Investigation of off-site impacts needed at asbestos mine
New Health Department study suggests potential health risks
FOR IMMEDIATE RELEASE
November 6, 2008
Department of Health
Agency of Natural Resources
WATERBURY – State officials today reiterated the immediate need for additional investigation of the impact of the Vermont Asbestos Group mine in Eden and Lowell in light of a new Department of Health report that found a potential for increased asbestos-related health risks for people who have lived nearby.
Vermont is pursuing all available avenues to control the environmental and health impacts of the mine, said Human Services Secretary Cynthia D. LaWare and Natural Resources Secretary George R. Crombie, and is working closely with the U.S. Environmental Protection Agency and the U.S. Department of Justice.
The federal agencies are acting on two fronts. EPA is in the early stages of evaluating the VAG site for potential listing on the Superfund National Priorities List (NPL), which would make it eligible for federal funding for a comprehensive cleanup of the site. EPA is also seeking a federal court order against the parties responsible for the contamination to require immediate steps to abate the current risks. In August, following the state’s request for assistance, EPA completed a $2 million cleanup effort to reduce the offsite migration of asbestos-laden tailings.
The Vermont Department of Health has completed a preliminary epidemiological analysis that suggests a potential risk of increased asbestos-related illnesses. A major limitation of the study is the lack of information about an individual’s exposure — whether people inhaled asbestos, and if so, where and in what setting, how much, over how many years and other determining factors. The study cannot determine the source of illness, or if exposure to asbestos continues.
“Our findings are statistically significant and cautionary, but we need to know more,” said Health Commissioner Wendy Davis, MD. “It is extremely important that Vermonters stay off the mine, and we recommend that you contact your health care provider if you are concerned that you may have been exposed to asbestos.”
The Health Department’s analysis of hospital discharge records, Vermont Cancer Registry data and death certificates for the years 1996 to 2005 found statistically significant associations between illness — asbestosis and lung cancer — and residence in towns within a 10-mile radius of the mine.
Towns included in the study were: Albany, Belvidere, Craftsbury, Eden, Hyde Park, Irasburg, Johnson, Lowell, Montgomery, Newport Town, Troy, Waterville and Westfield.
“In light of this new information from the Health Department, we intend to aggressively pursue all available resources to ensure we continue to thoroughly investigate all environmental and health concerns,” said LaWare. “The report makes clear that a more comprehensive, in-depth health risk assessment must be conducted.”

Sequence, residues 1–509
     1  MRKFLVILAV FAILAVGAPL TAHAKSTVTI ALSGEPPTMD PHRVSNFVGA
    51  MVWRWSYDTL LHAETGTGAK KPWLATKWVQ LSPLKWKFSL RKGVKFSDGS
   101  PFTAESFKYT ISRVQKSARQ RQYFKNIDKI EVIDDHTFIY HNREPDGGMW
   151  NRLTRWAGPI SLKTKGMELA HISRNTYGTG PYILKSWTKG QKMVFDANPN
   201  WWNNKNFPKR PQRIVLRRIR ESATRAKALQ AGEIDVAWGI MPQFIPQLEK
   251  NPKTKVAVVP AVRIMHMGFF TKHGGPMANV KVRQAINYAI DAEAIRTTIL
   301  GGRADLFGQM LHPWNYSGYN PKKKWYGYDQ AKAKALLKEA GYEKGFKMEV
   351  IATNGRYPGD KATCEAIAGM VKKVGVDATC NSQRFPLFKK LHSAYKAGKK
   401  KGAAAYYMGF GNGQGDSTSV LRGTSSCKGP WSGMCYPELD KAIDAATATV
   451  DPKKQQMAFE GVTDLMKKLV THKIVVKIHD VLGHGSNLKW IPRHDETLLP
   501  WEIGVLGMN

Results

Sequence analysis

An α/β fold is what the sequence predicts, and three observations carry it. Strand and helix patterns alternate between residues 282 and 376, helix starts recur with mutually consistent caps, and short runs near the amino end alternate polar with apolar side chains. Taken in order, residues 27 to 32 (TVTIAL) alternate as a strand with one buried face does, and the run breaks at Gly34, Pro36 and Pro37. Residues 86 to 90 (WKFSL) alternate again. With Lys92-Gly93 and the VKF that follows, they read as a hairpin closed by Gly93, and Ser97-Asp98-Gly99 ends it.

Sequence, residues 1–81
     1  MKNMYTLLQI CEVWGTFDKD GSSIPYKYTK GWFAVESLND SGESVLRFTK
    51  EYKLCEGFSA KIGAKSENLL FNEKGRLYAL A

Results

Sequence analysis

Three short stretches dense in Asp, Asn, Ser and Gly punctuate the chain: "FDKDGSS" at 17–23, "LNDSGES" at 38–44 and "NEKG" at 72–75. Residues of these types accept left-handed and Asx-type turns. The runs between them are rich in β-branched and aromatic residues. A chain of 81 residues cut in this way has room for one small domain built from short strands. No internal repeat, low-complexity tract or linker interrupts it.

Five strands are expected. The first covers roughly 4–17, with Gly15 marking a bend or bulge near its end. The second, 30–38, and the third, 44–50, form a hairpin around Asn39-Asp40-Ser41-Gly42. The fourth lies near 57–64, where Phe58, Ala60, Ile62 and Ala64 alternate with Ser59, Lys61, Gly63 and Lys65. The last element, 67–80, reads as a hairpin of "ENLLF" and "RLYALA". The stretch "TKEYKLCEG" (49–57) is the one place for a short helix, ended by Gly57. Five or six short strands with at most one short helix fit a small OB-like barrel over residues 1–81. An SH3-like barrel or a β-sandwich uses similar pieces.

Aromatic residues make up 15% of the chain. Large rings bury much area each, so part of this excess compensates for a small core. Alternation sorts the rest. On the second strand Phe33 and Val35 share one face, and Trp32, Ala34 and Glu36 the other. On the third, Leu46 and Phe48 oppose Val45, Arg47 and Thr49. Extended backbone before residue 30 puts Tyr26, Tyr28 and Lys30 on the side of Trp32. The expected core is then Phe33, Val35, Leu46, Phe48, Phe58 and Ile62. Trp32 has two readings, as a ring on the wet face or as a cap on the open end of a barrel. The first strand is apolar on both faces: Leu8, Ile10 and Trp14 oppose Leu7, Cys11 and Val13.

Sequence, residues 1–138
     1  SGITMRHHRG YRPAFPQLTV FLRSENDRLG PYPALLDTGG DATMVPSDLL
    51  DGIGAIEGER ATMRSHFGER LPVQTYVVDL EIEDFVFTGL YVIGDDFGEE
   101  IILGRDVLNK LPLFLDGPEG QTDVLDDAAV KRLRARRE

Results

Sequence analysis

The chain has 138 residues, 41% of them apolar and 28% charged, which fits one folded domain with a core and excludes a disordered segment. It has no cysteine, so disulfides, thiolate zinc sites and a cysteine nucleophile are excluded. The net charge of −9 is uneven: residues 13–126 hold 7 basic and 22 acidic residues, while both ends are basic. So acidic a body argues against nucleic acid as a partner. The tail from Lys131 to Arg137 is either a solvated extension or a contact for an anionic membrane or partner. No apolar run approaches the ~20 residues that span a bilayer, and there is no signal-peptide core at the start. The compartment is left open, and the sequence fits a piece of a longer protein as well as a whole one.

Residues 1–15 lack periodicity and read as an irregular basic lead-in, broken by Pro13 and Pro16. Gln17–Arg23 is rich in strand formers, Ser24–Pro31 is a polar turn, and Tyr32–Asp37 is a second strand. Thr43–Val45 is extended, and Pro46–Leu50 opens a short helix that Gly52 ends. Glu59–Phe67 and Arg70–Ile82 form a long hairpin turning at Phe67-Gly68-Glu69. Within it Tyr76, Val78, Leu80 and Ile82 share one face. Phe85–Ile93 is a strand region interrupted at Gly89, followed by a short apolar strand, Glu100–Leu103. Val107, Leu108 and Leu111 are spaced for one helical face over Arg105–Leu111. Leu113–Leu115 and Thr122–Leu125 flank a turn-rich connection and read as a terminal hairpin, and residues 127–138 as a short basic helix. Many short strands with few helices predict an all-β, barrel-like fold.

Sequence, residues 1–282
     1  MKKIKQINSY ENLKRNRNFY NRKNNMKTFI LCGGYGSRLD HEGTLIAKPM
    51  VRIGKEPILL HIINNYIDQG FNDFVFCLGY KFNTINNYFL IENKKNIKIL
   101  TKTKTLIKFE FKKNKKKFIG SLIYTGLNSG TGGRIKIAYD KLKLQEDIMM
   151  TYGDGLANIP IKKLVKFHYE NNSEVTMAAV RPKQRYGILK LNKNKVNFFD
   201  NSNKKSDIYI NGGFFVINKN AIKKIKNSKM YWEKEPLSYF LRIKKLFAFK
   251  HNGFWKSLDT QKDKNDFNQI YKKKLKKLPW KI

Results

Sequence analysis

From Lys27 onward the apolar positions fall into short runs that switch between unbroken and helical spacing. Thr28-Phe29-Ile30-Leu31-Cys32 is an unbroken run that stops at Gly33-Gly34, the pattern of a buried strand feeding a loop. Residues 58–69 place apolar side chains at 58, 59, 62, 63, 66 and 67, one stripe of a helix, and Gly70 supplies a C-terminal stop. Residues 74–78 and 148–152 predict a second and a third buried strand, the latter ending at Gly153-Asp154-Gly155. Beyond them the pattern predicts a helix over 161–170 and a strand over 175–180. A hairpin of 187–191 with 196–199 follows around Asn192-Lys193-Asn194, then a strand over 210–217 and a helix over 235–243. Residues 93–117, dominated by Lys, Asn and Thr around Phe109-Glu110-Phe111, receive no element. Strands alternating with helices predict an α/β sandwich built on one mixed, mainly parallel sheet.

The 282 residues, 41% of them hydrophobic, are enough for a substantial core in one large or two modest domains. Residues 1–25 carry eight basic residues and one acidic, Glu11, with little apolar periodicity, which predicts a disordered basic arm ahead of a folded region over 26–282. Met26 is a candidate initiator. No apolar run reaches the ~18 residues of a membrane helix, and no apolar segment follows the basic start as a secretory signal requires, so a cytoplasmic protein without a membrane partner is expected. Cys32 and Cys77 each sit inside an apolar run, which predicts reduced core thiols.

As the assessment work is carried out, the Health Department strongly recommends that people and their pets stay off the inactive mine, which closed in 1993, to minimize direct exposure to the asbestos tailing piles. Despite posted “No Trespassing” signs, the mine has been routinely accessed by the public for recreational use, such as collecting rocks and geological artifacts, skiing, hiking, hunting and riding all-terrain vehicles. Trespassing on the site also poses a high risk for injury due to the instability of the tailing piles.
The Agency of Natural Resources began investigating the site in 2004 and has conducted biological and chemical assessments of 23 locations within the two affected watersheds as well as additional sediment and water sampling downstream from previous study locations.
“We have requested that EPA and other federal agencies take the lead in continuing to address the environmental and health impacts of the mine,” said Crombie. “This is a high priority for us. The immediate measures to address the health risks and the long-term cleanup of this site will require significant financial resources, and we support the Department of Justice’s efforts to also bring in the parties responsible for creating the mess.”
The U.S. Department of Justice on Wednesday filed pleadings in federal district court in New Jersey, seeking injunctive relief against G-1 Holdings, the former owner of the Vermont Asbestos Group mine in Eden and Lowell, seeking, among other things, additional investigation into the potential impacts of asbestos on locations off of the mine property. The Health Department report was included in this filing.
This is the latest in a series of efforts by state and federal agencies to pursue all available resources for the cleanup of the now-closed mine. The Attorney General’s Office has already filed suit against the current owner in state court.
Officials from the Department of Health and Agency of Natural Resources will meet with local select boards in coming weeks and plan to hold community meetings in early December.